A spate of downgrades of European sovereign debt and European banks has drawn the ire of politicians across the eurozone. For months, leaders have been insisting that the ratings agencies are wrong and worthless, even as sovereign debt continues to balloon and the European Financial Stability Facility looks increasingly inadequate.
Now, as the G20 lectures Europe and debates rage over bailing out European banks, European officials have taken a further step in the direction of dysfunction. A new plan emerged out of Brussels yesterday to take inane steps to “reform” the ratings process, including:
• Giving power to the European markets regulator (ESMA) to approve ratings methodology and unilaterally ban sovereign ratings under unspecified circumstances.
• Suspending the rating of sovereign debt for countries receiving bailouts, as those adverse ratings apparently come at “inappropriate moments.”
• Unifying ratings methodology and issuing ratings standards to which all ratings agencies must adhere.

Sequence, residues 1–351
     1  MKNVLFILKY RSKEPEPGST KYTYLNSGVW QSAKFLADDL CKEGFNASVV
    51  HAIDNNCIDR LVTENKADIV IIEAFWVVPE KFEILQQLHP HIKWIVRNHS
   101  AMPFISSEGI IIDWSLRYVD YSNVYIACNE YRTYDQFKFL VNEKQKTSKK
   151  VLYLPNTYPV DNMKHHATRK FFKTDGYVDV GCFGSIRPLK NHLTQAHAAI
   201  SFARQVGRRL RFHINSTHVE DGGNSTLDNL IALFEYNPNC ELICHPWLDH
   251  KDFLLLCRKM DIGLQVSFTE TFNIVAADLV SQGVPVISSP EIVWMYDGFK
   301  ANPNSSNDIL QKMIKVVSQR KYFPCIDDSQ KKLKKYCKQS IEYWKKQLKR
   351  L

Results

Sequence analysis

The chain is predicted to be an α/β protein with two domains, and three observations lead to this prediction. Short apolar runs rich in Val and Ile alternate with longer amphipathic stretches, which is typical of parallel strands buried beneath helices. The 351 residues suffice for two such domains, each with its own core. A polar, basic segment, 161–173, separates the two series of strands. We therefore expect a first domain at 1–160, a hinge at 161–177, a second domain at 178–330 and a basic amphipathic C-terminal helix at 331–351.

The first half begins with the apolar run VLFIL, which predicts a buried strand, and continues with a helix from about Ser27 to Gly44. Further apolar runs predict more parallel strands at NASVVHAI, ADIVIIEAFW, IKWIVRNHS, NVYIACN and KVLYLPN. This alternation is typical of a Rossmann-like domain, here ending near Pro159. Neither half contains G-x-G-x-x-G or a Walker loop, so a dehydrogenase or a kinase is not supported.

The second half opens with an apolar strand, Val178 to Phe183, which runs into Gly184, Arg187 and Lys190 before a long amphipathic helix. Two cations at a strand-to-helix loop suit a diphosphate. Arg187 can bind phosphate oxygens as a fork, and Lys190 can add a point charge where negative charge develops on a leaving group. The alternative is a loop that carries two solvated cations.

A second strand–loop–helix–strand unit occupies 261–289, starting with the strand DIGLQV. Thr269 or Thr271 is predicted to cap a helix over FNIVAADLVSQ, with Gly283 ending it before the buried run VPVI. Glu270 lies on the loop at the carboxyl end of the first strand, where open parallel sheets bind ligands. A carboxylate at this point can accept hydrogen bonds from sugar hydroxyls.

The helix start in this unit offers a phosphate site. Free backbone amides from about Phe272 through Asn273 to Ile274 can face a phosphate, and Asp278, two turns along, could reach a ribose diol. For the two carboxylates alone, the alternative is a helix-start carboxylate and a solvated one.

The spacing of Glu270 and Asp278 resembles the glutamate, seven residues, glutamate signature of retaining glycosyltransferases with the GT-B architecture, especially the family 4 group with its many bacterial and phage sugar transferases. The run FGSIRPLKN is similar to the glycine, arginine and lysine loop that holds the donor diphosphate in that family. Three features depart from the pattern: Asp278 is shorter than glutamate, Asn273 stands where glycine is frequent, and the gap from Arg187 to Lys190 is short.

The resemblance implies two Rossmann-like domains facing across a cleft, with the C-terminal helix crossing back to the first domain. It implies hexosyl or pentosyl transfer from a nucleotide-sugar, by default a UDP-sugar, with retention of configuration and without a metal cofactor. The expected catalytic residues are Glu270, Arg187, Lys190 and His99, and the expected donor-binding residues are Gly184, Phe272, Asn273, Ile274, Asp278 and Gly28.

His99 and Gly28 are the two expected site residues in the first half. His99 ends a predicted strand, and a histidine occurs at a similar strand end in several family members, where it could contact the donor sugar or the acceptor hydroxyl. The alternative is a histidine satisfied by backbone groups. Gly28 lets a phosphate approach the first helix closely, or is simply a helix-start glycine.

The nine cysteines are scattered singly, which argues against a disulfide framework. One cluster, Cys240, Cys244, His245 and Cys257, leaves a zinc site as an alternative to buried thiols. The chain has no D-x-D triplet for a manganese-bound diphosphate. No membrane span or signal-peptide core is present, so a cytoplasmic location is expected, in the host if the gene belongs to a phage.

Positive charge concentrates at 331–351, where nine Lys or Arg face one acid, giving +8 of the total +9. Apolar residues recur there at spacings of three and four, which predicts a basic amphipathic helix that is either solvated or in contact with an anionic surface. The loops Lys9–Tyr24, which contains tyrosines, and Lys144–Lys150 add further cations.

• Blocking investors in ratings agencies from investing in multiple agencies simultaneously.
The plan is designed to quell the steady stream of reports that supposedly drive market fear over the state of the eurozone. Politicians have failed to realize that the ratings agencies simply confirm what the markets are already signaling. Silencing the agencies (notably, only within Europe) will do nothing to save the euro, and the markets know it. With interest rates skyrocketing and credit default swap spreads at an all-time high, it is obvious to unbiased observers that we are in the midst of a massive European default. The pathetically inadequate bailout mechanisms are derisory against the gargantuan weight of European debt.
Still more insidious is the assumption that European bureaucrats know better how to evaluate their own liabilities than the ratings agencies owned by shareholders and working on profit motives. Incentives matter, and the current incentive structure works well. If the ratings agencies are wrong—and if they disagree with what the markets say—people won’t value their ratings, and they will not turn a profit. By contrast, Europe’s politicians have a perverse incentive—to cover up the scope of the problem in order to save face and buy time. Evidence for this is the frequently shady figures in Greek government statistics, used to disguise the extent of the crisis.
European leaders should stop fiddling while Rome burns. Instead of pointing the finger at ratings agencies for telling the truth about what markets have been signaling for months, politicians from the Mediterranean to the Baltic should take steps to fix the mess they created.